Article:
Vietti is probably one of the most important wine names in Piedmont, if not Italy. Established in 1900, it has always been at the forefront of site selection, varietal integrity, innovation and marketing. 33 hectares are owned and several more leased across a number of key areas in the Langhe, with the Barolo and Barbaresco crus the top of the pile. Vietti was one of the first names I became familiar with when I first began to discover Italian wine, and were a key part of the range I stocked at King & Godfree. Although by Barolo standards they are quite large for a non-cooperative winery, their commitment to the highest quality at all levels is clear. They are greatly respected within and without the region, and are located in the gorgeous hill-top village of Castiglione Falletto. Due to restrictions of expansion up or outwards, they were forced to build down and have several levels of winery and cellar, constructed in three stages over the last century. Elena Currado-Penna, wife of Luca Currado, welcomed me to the winery and introduced me to the deep and diverse range.

Elena Currado-Penna in the cellars of Vietti
The only white wine Vietti produces is the Arneis which comes from Roero DOCG, and the 2011 is bright and bold on the nose, textural and rich yet very mineralic with some green tropical notes. The Tre Vigne Barbera d’Alba 2009 has a spiced meat earthiness on the nose, is soft yet intense on the palate with oodles of savouries. The Scarrone Barbera d’Alba 2009 by comparison is denser and darker, but has a new-world vibe to it, with sweet new oak tannins. The La Crena Barbera d’Asti 2006 was fantastic, as it was pure, soft and full, yet had personality and depth, showing the marriage of site and variety.

Lovely view from the Vietti winery
Moving into the Nebbiolo based wines, the Perbacco Langhe Nebbiolo 2009, which could easily be classified as Barolo, showed the purity of variety and had delicate tight tannin finesse and some earthy stalk notes. I shared an interesting discussion over use of the term “baby Barolo”, which I think is cheapening the wine, and it should be described as a great Langhe Nebbiolo. The Castiglione Barolo 2008 had so much going on and was so subtle it was hard to pinpoint, but had wonderful structure and elegance, and had depth and volume as it travelled back on the palate. The Masseria Barbaresco 2007 was very tight and closed, but had great lines and focus which will develop beautifully given time. Of the three single vineyard barolos from 2008; the Brunate had intensity and power, but was the epitome of an ‘iron fist in a velvet glove’; the Rocche was much more intense, earthy and masculine; and the Lazzarito was broader fuller and more generous, but no less driven and structured.

Tasting is serious business
My final appointment of the day was to a modern pioneer of the region, and one of the most humble and simple people you are likely to meet. The name Domenico Clerico carries a fair amount of weight in Barolo, more recently thanks to the high-tech and spacious cellars recently completed just outside of Monforte d’Alba. The cellars are so recent that there are no signs indicating it as the Domenico Clerico winery, which unfortunately caused me to be a little bit late to my appointment. Coming from a farming family, Domenico Clerico didn’t have much to start with apart from drive and passion. He has grown his business and his name to become one of the best known from Barolo, and has won praise from consumers and critics alike. The new cellars are part of his philosophy of looking into the future, and providing the new generations with the best knowledge and capacity to continue the legacy. The cellars reminded me of some that I had seen in South America, very intelligently designed, well organised with modern equipment designed to monitor rather than interfere. My host was Luciano Racco, a jack-of-all who spends some time in the winery and some out in the markets, but I had the briefest of opportunities to meet the man himself, who still spends most of his time out in the vineyards.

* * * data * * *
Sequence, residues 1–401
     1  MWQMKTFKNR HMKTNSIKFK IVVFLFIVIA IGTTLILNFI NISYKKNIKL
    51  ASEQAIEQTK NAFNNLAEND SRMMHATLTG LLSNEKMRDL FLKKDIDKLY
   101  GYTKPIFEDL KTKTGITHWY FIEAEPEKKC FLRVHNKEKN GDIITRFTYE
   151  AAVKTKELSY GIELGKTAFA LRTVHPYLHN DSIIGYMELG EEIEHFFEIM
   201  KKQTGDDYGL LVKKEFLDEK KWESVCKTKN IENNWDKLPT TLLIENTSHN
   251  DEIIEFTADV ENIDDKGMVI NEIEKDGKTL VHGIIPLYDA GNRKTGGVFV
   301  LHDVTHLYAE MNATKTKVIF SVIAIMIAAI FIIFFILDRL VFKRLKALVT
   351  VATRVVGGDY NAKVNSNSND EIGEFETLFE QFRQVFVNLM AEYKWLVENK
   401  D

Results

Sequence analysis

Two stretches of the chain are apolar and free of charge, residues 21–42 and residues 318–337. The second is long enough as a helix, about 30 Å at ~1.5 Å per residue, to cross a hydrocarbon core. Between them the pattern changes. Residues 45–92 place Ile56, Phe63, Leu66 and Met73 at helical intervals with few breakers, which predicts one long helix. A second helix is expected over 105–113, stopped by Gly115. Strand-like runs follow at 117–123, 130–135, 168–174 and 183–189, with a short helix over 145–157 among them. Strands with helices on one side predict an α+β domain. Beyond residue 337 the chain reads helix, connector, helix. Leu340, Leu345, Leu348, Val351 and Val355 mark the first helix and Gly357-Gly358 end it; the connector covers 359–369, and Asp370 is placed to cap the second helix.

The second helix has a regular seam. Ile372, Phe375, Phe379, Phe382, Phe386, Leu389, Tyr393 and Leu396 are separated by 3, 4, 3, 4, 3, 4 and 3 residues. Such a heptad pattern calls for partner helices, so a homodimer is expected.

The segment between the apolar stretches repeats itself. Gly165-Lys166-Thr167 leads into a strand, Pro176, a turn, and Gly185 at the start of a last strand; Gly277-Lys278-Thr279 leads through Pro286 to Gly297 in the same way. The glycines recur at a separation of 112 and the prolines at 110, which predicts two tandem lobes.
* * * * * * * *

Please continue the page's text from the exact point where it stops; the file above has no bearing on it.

Luciano Racco in the new cellars of Domenico Clerico
The tasting began with the Tre Vigne Barbera d’Alba 2009, showing chocolatey black forest fruit spices, juicy dark cherries and some warm oak tannins. The Langhe Nebbiolo 2010 had some stalky kindling notes but was caressing on the nose, approachable yet serious it was fresh and full. The Arte 2007 – a blend of 90% nebbiolo and 10% barbera – showed the earthy dark fruit tannins and power on the front of the palate, but washed away quite nicely on the back. The Pajana 2007, coming from the Ginestra, was quite reductive and funky on the nose, but opened up quite nicely on the palate, showing the brute of Barolo with firm yet supple tannins. The Ciobot Mentin 2005 (also Ginestra) had the benefit of a few years to soften out the tannins and fruit, but looked a little closed for now, and will ope up again in five years. The Per Cristina, which comes from the Mosconi appellation, is the wineries top wine, and the 2003 we tasted was showing beautifully. A much warmer than average vintage, you would expect the wine to develop a little faster, as more classic vintages of this wine take at least 15 years to express to their full extent.

Nice little collection they have
Click here to see more photos from Day 2 in the Langhe, Italy.